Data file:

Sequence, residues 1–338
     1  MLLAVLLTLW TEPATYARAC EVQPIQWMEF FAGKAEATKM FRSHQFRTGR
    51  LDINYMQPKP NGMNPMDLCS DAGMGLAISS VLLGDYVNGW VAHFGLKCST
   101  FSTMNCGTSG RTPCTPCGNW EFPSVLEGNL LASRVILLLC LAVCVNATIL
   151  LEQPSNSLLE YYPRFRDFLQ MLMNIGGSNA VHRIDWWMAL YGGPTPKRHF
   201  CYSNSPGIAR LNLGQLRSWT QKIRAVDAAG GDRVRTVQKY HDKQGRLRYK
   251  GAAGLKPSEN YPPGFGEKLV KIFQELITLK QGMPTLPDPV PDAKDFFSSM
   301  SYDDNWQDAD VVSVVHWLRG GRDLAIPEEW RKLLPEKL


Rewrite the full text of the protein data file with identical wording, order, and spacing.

Sequence, residues 1–338
     1  MLLAVLLTLW TEPATYARAC EVQPIQWMEF FAGKAEATKM FRSHQFRTGR
    51  LDINYMQPKP NGMNPMDLCS DAGMGLAISS VLLGDYVNGW VAHFGLKCST
   101  FSTMNCGTSG RTPCTPCGNW EFPSVLEGNL LASRVILLLC LAVCVNATIL
   151  LEQPSNSLLE YYPRFRDFLQ MLMNIGGSNA VHRIDWWMAL YGGPTPKRHF
   201  CYSNSPGIAR LNLGQLRSWT QKIRAVDAAG GDRVRTVQKY HDKQGRLRYK
   251  GAAGLKPSEN YPPGFGEKLV KIFQELITLK QGMPTLPDPV PDAKDFFSSM
   301  SYDDNWQDAD VVSVVHWLRG GRDLAIPEEW RKLLPEKL